WX
08-23-2010, 08:59 PM
A shed to be proud of, very nice.

Larks
08-23-2010, 09:17 PM
Terrific looking building mate, nice to see the timber all being reused. What is the skirt around the inside base that has been clad with stone? It looks quite heavy steel, is it just form-work to lay the stone to or will it stay in place?

JayInOz
08-23-2010, 09:43 PM
J.P. Aussie hardwoods vary greatly in quality, but where I live just about everything is great firewood if not great building material:) I've cut wood that burned so hot it sagged and buckled the cast iron grate in a stove. Some wood works easier but cracks or twists badly or is devoured by termites in no time- a big problem here. I've lost five boxes of books and photographs to termites this year, as well as having a lot of lumber ruined. Whatever the job, we have something to suit. I sold a farm recently with a lot of timber on it- more than a hundred acres in one stand- and there was only one species of wood which would float when dry- it's fairly dense stuff.
As for arrows, really old douglas fir is usually far better than the stuff available these days. It needs to be straight, knot free and close grained. My next door neighbour has been cleaning out his late fathers' farm house ready for sale, and only yesterday brought me an old wire bed base framed in really close grained fir- I'll get probably 120 arrows from it. I knap all my points, and much of the stone I work is sent to me by knappers in America. I often try to match the style of arrow with the appropriate material. Different Native American tribes knapped particular styles of point from material in their area- I like the idea of archaeologists in a couple of thousand years finding some of my lost arrowheads, and deducing that Australia had indeed been visited by an Apache war party:) JayInOz

botebum
08-23-2010, 10:00 PM
Compromises. Simplicity and budget ...All your points are valid and completely understood. I really like the reclaimed timber approach. Sometimes that, in itself, can be a budget buster. The "But it's used!" arguement falls on deaf ears.

Doug

J P
08-23-2010, 10:46 PM
Nice work! The budgets always a factor, and you're right IF the old boys would have had steel, and it was cost effective, they'd have used it. And on top of that they'd never have re-used the old logs , they'd have cut new ones. Those old logs have to be as hard as the knobbs, and cutting those dovetails and reworking openings with hand tools, they'd have wanted green logs to work with. Unless there was nothing else to use, they'd have used new logs I'd think. Good on ya for saving some of the old stuff!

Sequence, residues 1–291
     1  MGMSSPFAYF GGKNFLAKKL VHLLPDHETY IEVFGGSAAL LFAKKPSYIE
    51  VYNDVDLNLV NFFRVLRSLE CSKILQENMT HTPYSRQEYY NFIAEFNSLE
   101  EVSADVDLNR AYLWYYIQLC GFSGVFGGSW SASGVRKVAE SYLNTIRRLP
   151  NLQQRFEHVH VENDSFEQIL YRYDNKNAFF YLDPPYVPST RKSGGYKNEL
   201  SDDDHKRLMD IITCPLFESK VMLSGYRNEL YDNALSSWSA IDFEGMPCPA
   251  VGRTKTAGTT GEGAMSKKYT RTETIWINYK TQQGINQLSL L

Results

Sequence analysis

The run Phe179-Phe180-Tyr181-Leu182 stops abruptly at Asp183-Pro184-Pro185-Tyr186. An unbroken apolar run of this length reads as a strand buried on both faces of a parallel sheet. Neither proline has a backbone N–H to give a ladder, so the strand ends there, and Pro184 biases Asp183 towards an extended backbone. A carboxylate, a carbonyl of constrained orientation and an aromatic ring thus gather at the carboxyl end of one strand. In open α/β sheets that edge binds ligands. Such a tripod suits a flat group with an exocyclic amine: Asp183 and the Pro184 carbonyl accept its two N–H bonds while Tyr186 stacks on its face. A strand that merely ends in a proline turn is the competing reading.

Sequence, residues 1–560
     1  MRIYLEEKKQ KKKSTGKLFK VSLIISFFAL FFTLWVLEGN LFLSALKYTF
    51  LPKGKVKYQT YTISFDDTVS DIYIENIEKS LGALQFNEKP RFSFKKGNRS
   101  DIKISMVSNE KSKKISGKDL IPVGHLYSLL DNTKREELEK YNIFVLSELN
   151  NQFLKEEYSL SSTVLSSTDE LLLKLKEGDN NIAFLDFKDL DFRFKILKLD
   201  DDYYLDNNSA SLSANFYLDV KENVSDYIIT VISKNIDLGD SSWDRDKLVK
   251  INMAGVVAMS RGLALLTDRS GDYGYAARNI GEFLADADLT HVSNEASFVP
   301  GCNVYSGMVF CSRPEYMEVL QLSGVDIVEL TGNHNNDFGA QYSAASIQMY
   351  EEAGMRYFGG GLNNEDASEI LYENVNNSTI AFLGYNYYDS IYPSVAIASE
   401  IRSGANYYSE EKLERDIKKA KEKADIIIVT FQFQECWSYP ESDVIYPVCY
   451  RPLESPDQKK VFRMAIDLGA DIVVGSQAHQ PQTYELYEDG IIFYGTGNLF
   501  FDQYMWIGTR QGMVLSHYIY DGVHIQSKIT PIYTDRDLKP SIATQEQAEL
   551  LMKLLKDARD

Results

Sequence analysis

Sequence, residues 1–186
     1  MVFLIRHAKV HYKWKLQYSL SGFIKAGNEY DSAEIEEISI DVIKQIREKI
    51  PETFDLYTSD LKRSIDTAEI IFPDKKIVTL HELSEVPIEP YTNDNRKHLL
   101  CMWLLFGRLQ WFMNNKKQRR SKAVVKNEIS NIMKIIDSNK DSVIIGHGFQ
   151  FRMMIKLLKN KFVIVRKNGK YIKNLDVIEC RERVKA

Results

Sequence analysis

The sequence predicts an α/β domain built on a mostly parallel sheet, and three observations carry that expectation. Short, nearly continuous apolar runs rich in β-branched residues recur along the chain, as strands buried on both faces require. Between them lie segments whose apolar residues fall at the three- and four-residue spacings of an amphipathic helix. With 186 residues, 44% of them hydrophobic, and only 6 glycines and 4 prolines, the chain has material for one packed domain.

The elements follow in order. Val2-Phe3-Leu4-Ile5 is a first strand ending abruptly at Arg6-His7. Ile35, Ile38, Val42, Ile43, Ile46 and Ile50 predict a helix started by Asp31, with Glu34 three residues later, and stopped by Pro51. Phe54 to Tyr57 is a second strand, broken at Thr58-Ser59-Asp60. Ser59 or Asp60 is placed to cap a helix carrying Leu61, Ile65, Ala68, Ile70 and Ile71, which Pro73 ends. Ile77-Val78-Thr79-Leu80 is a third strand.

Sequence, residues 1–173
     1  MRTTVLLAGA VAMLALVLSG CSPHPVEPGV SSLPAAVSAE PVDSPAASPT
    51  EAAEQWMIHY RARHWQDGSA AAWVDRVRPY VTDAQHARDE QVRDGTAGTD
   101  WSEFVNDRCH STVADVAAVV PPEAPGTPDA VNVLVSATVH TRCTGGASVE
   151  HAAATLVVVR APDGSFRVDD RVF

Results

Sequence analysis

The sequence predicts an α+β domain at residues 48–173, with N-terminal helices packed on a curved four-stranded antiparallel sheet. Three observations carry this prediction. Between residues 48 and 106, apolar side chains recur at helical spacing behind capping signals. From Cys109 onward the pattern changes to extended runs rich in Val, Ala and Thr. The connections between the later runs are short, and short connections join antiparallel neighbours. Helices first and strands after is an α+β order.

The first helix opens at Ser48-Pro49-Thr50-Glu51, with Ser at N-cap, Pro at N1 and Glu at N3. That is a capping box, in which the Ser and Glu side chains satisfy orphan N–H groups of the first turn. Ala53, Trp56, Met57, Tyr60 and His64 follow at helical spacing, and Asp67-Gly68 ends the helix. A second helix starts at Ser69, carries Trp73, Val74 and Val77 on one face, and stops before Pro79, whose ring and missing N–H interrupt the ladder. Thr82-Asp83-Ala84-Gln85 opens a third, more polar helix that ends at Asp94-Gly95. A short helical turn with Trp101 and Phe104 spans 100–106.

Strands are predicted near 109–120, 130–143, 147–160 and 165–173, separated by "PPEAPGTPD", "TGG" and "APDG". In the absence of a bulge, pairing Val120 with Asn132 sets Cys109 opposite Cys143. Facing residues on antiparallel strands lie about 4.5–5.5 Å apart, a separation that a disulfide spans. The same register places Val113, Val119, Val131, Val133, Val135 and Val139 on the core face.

Looking forward to the roof details! Any dormers, eye-brows , or other "trick" stuff?

You're right, the old wood is hard. And brittle. This pine isn't too bad compared to some of the old reclaimed stuff we work with and I imagine it was quite pleasant to work green. I've seen old timber frames, both early American and European (really old), where some of the timbers were obviously recycled from another building. This barn has a few odd notches that make me wonder if they didn't recycle a few logs from another building. They are in the left side of the opening in pic 4, post 1.

The roof details are pretty straight forward; 3x8 common rafters fastened with construction screws. No dormers, although the original did have one which was kind of unusual for a Montana pioneer hay barn. I'd like to see a functioning cupola or two but that's not in the current scope. There will be a little shed roof/eyebrow over the large front door. The "trick" is going to be the eave blocking. Pity the chinker man.

J P
08-23-2010, 10:48 PM
Terrific looking building mate, nice to see the timber all being reused. What is the skirt around the inside base that has been clad with stone? It looks quite heavy steel, is it just form-work to lay the stone to or will it stay in place?

Larks, that's just a concrete stem wall that has been dyed.

Larks
08-23-2010, 11:15 PM
Larks, that's just a concrete stem wall that has been dyed.

very tricky!!

J P
08-23-2010, 11:15 PM
J.P. Aussie hardwoods vary greatly in quality, but where I live just about everything is great firewood if not great building material:) I've cut wood that burned so hot it sagged and buckled the cast iron grate in a stove. Some wood works easier but cracks or twists badly or is devoured by termites in no time- a big problem here. I've lost five boxes of books and photographs to termites this year, as well as having a lot of lumber ruined. Whatever the job, we have something to suit. I sold a farm recently with a lot of timber on it- more than a hundred acres in one stand- and there was only one species of wood which would float when dry- it's fairly dense stuff.
As for arrows, really old douglas fir is usually far better than the stuff available these days. It needs to be straight, knot free and close grained. My next door neighbour has been cleaning out his late fathers' farm house ready for sale, and only yesterday brought me an old wire bed base framed in really close grained fir- I'll get probably 120 arrows from it. I knap all my points, and much of the stone I work is sent to me by knappers in America. I often try to match the style of arrow with the appropriate material. Different Native American tribes knapped particular styles of point from material in their area-

We don't have much for sizable native hardwoods here in Montana so that's the stuff I look for and hoard. Covet thy neighbor's wood pile.

I have a chunk of pure black obsidian from Modoc country that's about the size of a football. It broke off a piece that was about the size of a big pig. Are you a bowyer as well Jay?


I like the idea of archaeologists in a couple of thousand years finding some of my lost arrowheads, and deducing that Australia had indeed been visited by an Apache war party:) JayInOz

:D Y>

J P
08-23-2010, 11:29 PM